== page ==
In Count V of his complaint, the plaintiff alleges that Wells Fargo breached its duty to act in good faith and with reasonable diligence by attempting to foreclose its mortgage on the plaintiff’s property. Massachusetts courts have consistently held that in addition to complying with the statutory requirements governing mortgage foreclosure set forth in Mass. Gen. Laws ch. 244, a mortgagee must act in good faith and must use reasonable diligence to protect the interests of the mortgagor. Williams v. Resolution GGF OY, 417 Mass. 377, 382-83 (1994). In Snowden v. Chase Manhattan Mortgage Corp., 2003 WL 22519518 (Mass. Super.), the court held that a lender breached this duty by foreclosing a mortgage the day after receiving notice that the borrower had negotiated an agreement to sell the property at a price beneficial to the lender. The court noted that mortgagees in Massachusetts must act as a “trustee for the benefit of all persons interested.” Id. at *2 (quoting Taylor v. Weingartner, 233 Mass. 243, 247 (1916)).

The plaintiff argues that by scheduling a foreclosure sale while the plaintiff’s loan modification request was pending, Wells Fargo breached its duty to act in good faith and with reasonable diligence to protect the plaintiff’s interests. The plaintiff’s argument finds support in Speleos, which concluded that even though the borrowers had failed to state a claim for relief under third party beneficiary theory, they could state a claim for negligence on the theory that the defendants had a duty under the HAMP guidelines not to proceed with a foreclosure sale while evaluating the borrowers for a loan modification. Speleos, 2010 WL 5174510 at *6. The plaintiff’s allegation in Count V of the complaint that Wells Fargo breached its duty of good faith and reasonable diligence is comparable to the negligence claim in Speleos.

The evidence thus far indicates that Wells Fargo scheduled and intended to conduct a foreclosure sale of the plaintiff’s property while the plaintiff’s request for a loan modification was pending before it. Even if the modification was denied on January 19, 2011, eight days prior to the rescheduled foreclosure sale, the plaintiff was not given written notice of the denial nor was he offered other foreclosure mitigation options as required under HAMP guidelines. I find, therefore, that there is a substantial likelihood that the plaintiff will prevail on Count V of his complaint.

In addition, I find that the plaintiff has satisfied the remaining requirements for injunctive relief. While it is possible that the value of the plaintiff’s property may depreciate as this case proceeds (although Wells Fargo offered no evidence on this point), I find that any potential detriment to Wells Fargo from depreciation is outweighed by the enormity of the harm to the plaintiff from a foreclosure sale. Further, my order that the plaintiff make payments to the Chapter 13 trustee will protect Wells Fargo from depreciation and unpaid real estate taxes in the event it ultimately prevails in this action. Finally, I find that it is in the public interest to ensure that lenders foreclose on properties only when they are entitled to do so. Also, the neighbors surrounding the plaintiff’s property will likely benefit if foreclosure can be avoided.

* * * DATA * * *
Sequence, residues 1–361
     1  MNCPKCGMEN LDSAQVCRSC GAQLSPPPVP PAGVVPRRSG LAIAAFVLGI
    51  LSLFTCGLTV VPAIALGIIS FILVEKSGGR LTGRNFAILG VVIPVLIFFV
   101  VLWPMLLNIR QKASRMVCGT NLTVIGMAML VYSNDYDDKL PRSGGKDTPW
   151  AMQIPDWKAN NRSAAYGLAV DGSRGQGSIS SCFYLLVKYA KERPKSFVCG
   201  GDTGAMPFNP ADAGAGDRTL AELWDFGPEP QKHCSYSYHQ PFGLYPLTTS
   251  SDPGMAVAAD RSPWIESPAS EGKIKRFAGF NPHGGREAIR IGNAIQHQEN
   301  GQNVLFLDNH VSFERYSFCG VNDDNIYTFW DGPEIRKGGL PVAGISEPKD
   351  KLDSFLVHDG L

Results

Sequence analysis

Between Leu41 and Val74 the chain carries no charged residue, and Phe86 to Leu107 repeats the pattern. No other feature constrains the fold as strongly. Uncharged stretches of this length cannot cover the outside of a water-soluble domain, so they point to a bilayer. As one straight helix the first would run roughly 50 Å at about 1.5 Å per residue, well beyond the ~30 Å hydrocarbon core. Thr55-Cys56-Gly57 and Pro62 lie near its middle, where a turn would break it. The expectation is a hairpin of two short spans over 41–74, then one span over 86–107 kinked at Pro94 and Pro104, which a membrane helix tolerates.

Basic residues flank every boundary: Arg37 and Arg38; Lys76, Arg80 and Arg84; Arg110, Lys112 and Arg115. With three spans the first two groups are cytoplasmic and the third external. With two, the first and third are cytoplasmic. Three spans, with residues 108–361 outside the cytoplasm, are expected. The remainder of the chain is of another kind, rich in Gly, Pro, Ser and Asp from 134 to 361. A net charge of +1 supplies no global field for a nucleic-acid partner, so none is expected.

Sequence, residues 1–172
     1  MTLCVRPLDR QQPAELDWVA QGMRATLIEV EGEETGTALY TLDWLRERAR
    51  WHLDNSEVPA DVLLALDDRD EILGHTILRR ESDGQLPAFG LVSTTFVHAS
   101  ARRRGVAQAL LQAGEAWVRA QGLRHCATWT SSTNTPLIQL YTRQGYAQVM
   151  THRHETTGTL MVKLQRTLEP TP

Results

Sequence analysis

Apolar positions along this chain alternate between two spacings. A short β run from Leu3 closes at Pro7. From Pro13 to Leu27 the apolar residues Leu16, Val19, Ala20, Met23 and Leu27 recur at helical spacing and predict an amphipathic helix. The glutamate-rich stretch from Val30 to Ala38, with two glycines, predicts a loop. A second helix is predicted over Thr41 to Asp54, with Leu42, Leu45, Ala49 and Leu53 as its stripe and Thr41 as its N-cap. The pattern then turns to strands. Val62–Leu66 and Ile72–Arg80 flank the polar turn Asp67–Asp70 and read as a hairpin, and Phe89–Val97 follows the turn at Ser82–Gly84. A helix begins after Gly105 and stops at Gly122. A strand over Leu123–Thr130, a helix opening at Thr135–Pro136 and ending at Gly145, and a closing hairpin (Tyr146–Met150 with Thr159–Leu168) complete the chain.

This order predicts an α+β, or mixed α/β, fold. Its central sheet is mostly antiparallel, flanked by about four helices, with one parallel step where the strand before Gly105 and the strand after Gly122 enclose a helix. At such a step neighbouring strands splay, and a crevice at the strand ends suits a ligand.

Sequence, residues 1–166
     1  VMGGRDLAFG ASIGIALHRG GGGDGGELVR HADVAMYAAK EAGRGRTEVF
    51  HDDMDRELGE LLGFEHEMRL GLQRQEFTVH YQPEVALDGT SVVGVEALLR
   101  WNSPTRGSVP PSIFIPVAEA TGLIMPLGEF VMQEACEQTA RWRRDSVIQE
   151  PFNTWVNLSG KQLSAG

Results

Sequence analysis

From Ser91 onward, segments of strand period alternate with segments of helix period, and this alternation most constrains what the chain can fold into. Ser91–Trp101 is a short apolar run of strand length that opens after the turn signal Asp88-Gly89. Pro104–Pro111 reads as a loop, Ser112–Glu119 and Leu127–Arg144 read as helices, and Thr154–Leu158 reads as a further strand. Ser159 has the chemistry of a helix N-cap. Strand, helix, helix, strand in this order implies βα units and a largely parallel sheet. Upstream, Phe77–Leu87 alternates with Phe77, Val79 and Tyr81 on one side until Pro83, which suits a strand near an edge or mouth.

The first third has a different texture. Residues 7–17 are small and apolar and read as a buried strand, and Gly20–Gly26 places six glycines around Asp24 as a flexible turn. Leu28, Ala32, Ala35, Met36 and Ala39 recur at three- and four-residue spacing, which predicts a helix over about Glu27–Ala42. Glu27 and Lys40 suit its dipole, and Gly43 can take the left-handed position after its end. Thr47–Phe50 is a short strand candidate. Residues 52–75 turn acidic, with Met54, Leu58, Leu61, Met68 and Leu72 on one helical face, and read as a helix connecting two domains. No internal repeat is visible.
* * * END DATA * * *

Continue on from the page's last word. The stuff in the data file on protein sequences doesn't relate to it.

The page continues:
Under Fed. R. Bankr. P. 7065 the court may require a party who benefits from a preliminary injunction to post security to protect the enjoined party in the event that the injunction turns out to have been wrongly issued. Here, the plaintiff’s first and second amended Chapter 13 plans filed in the main case, dated September 24 and October 11, 2010 respectively, each contained provisions in which the plaintiff agreed to make monthly payments to Wells Fargo while his loan modification application was under review. At the evidentiary hearing on the plaintiff’s motion, the plaintiff’s counsel conceded that these payments have not been made to date. The Chapter 13 trustee noted that the plaintiff’s amended Schedule J accompanying his bankruptcy petition lists a total of $1800 in expenses to be dedicated to home mortgage and real estate tax payments. In his memorandum of law in support of his motion for injunctive relief, the plaintiff indicates that his current monthly income is $5829, plus $1,200 in rental income from a tenant. Based on these amounts, a hypothetical HAMP loan modification would involve an initial monthly payment of $1806.99, equal to 31% of total income, after subtracting 25% of the rental income to account for vacancy risk. Accordingly, the preliminary injunction will be conditioned on the plaintiff’s making monthly payments of $1800 to the Chapter 13 trustee. This payment requirement shall be retroactive to October 1, 2010 (the first month after the plaintiff proposed to make these payments in his September 24, 2010 amended Chapter 13 plan). Payments shall be held by the trustee for the benefit of Wells Fargo and paid to Wells Fargo in the event it prevails in this action.

The plaintiff shall make payments of $1800 per month to the Chapter 13 trustee on the first day of each month beginning on February 1, 2011, with a ten day grace period for late payment. In order to catch up on payments due for October through January, the plaintiff shall make a double payment of $3600 on the first day of March, April, May and June. The failure of the plaintiff to make any payment when due will be grounds for vacating the injunction.

A separate order shall enter.

[1] See, e.g., Making Home Affordable Program Handbook for Servicers of Non-GSE Mortgages, Version 3.0 (hereinafter “HAMP Handbook”) at 65, available at https://www.hmpadmin.com/portal/programs/docs/hamp_servicer/mhahandbook_30.pdf.

[2] See Wells Fargo Servicer Participation Agreement, available at http://www.treasury.gov/initiatives/financial-stability/housing-programs/mha/Documents_Contracts_Agreements/093010wellsfargobanknaSPA(incltransmittal)-r.pdf; see also HAMP Handbook, supra note 1 at 17 (explaining the role of the SPA).

[3] Each of the GSEs has its own version of this directive, but all contain the prohibition against foreclosure while loans are under review for modification.

Opinion Below…